Dr. Mark Loux, Extension Specialist, Department of Horticulture and Crop Science, The Ohio State University
We have plenty of glyphosate-resistant weed populations in Ohio. Resistance currently is known to occur in four weed species here – marestail (horseweed), giant ragweed, common ragweed, and waterhemp - and many of these populations are also resistant to acetolactate synthase (ALS) inhibitors (Classic, FirsRate, etc.). The good news is that our resistance problems are overall less severe than in the southern United States, where the now widespread occurrence of Palmer amaranth has had a substantial impact on crop yields and profitability of cotton and soybean growers and forced a semi-permanent change in the amount of herbicide that has to be used. As we expected though, glyphosate-resistant Palmer amaranth populations are starting to show up here in Ohio. We are already working hard to educate grain producers and their advisors and suppliers about this weed in hopes of curtailing the spread. The purpose of this article is to inform dairy producers about the problem, that they may be inadvertently facilitating the spread of this weed, and the actions that can be taken to avoid doing so.
Palmer amaranth is in the Amaranthus or pigweed family. The most abundant pigweed species in Ohio are redroot and smooth pigweed, which are essentially identical to each other with regard to identification. Most preemergence herbicides have substantial activity on these pigweed species, and they are usually well controlled by a combination of preemergence and postemergence herbicides. We have screened a few redroot and smooth pigweed populations for resistance to herbicides, and so far, we have not observed glyphosate resistance. Palmer amaranth (aka Palmer pigweed) has been fairly accurately characterized as “pigweed on steroids”. In addition to the glyphosate resistance, this weed’s rapid growth, large size, extended duration of emergence, prolific seed production, and general tolerance of many POST herbicides makes it a much more formidable weed to deal with than the other pigweeds. The POST herbicides that have activity on Palmer amaranth must be applied when the weed is less than 3 inches tall. Palmer amaranth has overall more potential to reduce yield if not controlled well, compared with the other pigweeds. It’s probably not possible for us to overestimate how severe a problem this weed can be based on these characteristics and the problems that have occurred in the south, where some growers finally resorted to hiring crews of laborers to remove plants from fields at great expense.
So why are we trying to get information to dairy producers about this weed? At this point, we know of several major infestations of Palmer amaranth in Ohio, and it is starting to be found in additional fields. As far as we can tell, the source of the first major infestation may have been a Conservation Reserve Enhancement Program (CREP)/wildlife type seeding, where the seed of the desirable species was apparently contaminated with Palmer amaranth seed. However, for the newer infestations that are occurring, the source appears to be contaminated cottonseed brought in from the southern US for use as animal feed here. Manure from these animal operations is being spread on crop fields, where the Palmer amaranth can then became established. For example, there appears to be somewhat of an epicenter of new Palmer amaranth infestations in an area southwest of Columbus, bordered roughly by Midway on the north and Washington CH on the south. There is a dairy in the area that has been using cottonseed products for feed and a local grower has been transporting these products to the dairy from somewhere in the south. There are Palmer amaranth plants in a number of fields in the area and also on the grounds of the dairy. Cottonseed feed products also have been the source for major infestations of Palmer amaranth in Michigan and Indiana.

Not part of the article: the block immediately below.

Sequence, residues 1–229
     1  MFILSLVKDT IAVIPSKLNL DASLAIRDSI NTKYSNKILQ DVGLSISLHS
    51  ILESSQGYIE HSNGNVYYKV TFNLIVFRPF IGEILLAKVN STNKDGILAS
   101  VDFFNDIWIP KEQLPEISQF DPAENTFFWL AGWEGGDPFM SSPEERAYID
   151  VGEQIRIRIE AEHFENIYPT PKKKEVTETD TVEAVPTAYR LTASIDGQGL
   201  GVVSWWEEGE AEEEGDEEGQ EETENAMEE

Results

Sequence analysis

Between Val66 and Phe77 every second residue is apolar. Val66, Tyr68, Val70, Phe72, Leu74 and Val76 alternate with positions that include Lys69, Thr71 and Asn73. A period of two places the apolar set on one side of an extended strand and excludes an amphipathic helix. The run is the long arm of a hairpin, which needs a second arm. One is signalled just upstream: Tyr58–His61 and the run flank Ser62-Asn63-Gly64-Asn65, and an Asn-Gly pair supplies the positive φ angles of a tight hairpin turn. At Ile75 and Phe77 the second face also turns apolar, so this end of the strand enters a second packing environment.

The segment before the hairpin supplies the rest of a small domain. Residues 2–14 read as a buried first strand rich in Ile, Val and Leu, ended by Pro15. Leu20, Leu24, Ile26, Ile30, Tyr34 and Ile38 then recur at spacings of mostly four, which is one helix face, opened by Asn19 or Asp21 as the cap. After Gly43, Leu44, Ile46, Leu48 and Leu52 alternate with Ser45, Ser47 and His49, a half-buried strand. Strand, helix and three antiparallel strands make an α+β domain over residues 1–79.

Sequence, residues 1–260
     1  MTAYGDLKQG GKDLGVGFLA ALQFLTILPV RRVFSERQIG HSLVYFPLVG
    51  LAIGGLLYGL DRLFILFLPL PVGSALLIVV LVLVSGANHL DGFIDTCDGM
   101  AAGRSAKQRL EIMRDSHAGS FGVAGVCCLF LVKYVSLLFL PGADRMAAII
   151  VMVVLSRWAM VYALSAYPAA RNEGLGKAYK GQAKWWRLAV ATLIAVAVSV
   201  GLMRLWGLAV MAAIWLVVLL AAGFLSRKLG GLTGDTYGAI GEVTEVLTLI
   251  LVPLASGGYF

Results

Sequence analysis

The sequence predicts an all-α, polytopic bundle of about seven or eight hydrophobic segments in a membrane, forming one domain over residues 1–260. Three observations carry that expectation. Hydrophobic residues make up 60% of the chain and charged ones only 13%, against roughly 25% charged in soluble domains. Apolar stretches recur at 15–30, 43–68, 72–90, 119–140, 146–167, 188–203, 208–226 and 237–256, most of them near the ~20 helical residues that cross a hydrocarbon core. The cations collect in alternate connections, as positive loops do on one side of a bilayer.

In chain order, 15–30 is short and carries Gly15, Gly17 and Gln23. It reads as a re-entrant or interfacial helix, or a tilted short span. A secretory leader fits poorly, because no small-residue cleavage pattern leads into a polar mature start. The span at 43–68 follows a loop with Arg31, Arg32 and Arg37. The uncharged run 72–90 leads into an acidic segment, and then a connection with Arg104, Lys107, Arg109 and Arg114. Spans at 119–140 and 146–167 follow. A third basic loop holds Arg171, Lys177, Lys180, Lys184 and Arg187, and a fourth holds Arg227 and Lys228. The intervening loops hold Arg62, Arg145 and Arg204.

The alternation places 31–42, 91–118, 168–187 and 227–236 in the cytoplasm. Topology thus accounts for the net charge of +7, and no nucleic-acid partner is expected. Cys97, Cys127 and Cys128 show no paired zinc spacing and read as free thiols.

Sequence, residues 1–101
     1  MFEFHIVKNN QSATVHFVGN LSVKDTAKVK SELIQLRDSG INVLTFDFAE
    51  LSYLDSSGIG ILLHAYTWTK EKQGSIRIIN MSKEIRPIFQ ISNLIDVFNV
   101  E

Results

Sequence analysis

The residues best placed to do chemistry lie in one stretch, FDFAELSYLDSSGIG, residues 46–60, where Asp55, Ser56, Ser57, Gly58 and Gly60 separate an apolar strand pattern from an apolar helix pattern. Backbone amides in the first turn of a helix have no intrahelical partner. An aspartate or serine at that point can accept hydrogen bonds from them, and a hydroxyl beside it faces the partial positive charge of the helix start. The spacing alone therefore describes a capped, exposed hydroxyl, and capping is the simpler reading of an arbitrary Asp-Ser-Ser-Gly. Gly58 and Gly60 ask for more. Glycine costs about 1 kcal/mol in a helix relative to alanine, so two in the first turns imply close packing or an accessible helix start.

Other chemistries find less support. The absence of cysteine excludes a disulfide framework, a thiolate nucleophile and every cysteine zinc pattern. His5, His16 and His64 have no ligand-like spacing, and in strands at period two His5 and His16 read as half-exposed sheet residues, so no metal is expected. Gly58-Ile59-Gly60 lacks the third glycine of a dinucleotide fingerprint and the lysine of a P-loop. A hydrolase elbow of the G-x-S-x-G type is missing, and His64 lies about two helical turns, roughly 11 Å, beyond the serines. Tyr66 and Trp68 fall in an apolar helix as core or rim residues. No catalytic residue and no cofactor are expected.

A primary goal over the next decade for Ohio agribusiness and growers, and OSU weed scientists, has to be the prevention of additional infestations of Palmer amaranth. This weed has more potential to impact the profitability of our corn and soybean production than our other resistance problems. Some things for dairy producers to consider relative to this developing problem include:
- Take a few minutes to familiarize yourself with the problem. The OSU weed science website (http://agcrops.osu.edu/specialists/weeds) has information on Palmer amaranth, including a short video on identification and an 11-minute video that explains the risk from this weed.
- If you are feeding cottonseed feed products, be aware that there is at least some likelihood that they are contaminated with Palmer amaranth seed. Make your feed supplier aware of this and ask what steps are being taken to ensure that these products are not contaminated. Scout areas where manure is stored or spread for the presence of Palmer amaranth plants.
- Early identification and management are keys to preventing major infestations. The OSU weed scientists can help with identification, either via digital photos emailed to us or with visits to fields. We would appreciate being informed (firstname.lastname@example.org) of any new infestations of Palmer amaranth as soon as possible.
- Where Palmer amaranth plants are found, it is essential that growers take all steps possible to prevent weed seed production. This can include tillage, mowing, and also removal of surviving plants by hand. The result of not doing so could be substantial increases in weed management costs and loss of income in future years.